The Lutheran Church of Good Shepherd posted forty things to give up for Lent. I am blogging each of the 40 days of Lent as I reflect on what to give up. Day four is to give up “impatience.”

As the blog lists number four as impatience, it also states, “God’s timing is the perfect timing.” My first response to that sentences is “WHAT?” The second is “REALLY???” I understand the sentiment, but in the midst of the some of my most difficult moments in life, I am not sure how I would have responded that “God’s timing is the perfect timing.”

Doesn’t it sound like a trite phrase that someone says when they have no clue: about life, about pain, about grief, about fear or uncertainty. When I popped the word impatience into a search engine and asked for images, this was the first that that came up:

Impatiens, not impatience came up. I immediately smiled. Now, I happen to love impatiens, the flower. They are perfect for the shady area on my back deck. I just didn’t expect to “google” the image impatience and come up with flowers. Flowers seem to be an image for all things going well, not when life is falling apart and a person is impatient to change whatever is happening. The dictionary defines it as “the tendency to be impatient; or irritability or restlessness.”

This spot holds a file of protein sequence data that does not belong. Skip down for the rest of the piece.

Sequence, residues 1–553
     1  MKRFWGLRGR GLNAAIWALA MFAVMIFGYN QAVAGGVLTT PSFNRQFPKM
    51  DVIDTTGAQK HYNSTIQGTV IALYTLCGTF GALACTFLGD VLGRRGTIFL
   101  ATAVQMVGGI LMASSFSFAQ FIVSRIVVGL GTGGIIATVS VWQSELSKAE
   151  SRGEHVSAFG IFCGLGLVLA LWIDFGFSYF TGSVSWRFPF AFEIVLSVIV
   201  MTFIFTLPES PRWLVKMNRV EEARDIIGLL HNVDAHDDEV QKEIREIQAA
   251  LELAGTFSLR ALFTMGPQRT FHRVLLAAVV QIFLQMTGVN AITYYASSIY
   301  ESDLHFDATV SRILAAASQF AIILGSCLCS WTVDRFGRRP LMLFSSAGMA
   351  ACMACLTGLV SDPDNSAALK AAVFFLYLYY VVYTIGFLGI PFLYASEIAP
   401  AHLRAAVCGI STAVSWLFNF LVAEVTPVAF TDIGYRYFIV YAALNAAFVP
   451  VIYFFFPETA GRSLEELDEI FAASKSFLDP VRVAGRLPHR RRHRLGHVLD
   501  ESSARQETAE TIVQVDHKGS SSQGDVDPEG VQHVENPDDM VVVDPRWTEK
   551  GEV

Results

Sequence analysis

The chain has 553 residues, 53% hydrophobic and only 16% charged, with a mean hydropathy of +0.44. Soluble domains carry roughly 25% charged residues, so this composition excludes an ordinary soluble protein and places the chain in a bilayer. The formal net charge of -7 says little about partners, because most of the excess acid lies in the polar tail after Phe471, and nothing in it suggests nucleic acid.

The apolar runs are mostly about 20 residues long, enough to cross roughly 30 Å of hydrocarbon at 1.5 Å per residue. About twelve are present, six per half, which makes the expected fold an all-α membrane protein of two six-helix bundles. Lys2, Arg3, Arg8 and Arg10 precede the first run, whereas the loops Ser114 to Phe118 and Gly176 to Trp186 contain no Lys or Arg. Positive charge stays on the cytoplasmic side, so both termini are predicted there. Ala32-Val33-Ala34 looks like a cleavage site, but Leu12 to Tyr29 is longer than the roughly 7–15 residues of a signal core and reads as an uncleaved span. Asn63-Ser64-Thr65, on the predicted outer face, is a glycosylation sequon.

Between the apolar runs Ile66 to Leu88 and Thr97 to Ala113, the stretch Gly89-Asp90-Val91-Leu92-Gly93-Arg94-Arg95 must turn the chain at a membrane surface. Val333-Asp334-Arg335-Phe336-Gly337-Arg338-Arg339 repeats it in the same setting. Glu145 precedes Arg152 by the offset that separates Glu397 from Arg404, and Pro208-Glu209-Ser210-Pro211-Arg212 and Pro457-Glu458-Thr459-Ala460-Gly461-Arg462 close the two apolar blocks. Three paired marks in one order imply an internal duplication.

It is true, we tend to be in such a hurry and are so restless and snippy when things don’t happen quick enough. It seems like we can’t wait to grow up, then we can’t wait to retire, we are impatient for “life to happen” whatever it is we envision that life to be. We miss things because in our impatience we don’t attention, or at least I don’t.

Today I had my hair cut. The beautician was “behind” and so I had to wait half an hour before she would be done with the client before me. She was most apologetic. I was not in a hurry. In fact my husband and I have worked hard not to be in “a hurry” whenever we are shopping or waiting in line. The only thing impatience does is make me more irritable and it doesn’t make the line or the wait go any faster.

So, back to giving up impatience for Lent. While the saying “God’s timing is perfect timing” seems trite, perhaps it points to a deeper truth. Trying to force circumstances and time to do what we want them to usually doesn’t work and honestly, often makes things worse. Waiting for clarity, waiting for a sense about decisions and waiting and just being can be true gifts.


Perhaps this is what is meant by “God’s timing is perfect timing.” The season of Lent means waiting, pondering, praying, meditating and finding a stillness that “lets the mud settle and the water clear.” In the clarity, giving up impatience, our life can unfold before us. Maybe that is why Jesus spent “forty” days in the wilderness. Rushing the process might have meant no clear sense of calling or vision. He came out of the desert ready to be in ministry.

So I shall continue to work at giving up “impatience.” I will allow space in my head and heart so that clarity might occur about my life and what God has in store for. me. On this fourth day of Lent, I continue to be graced to serve.


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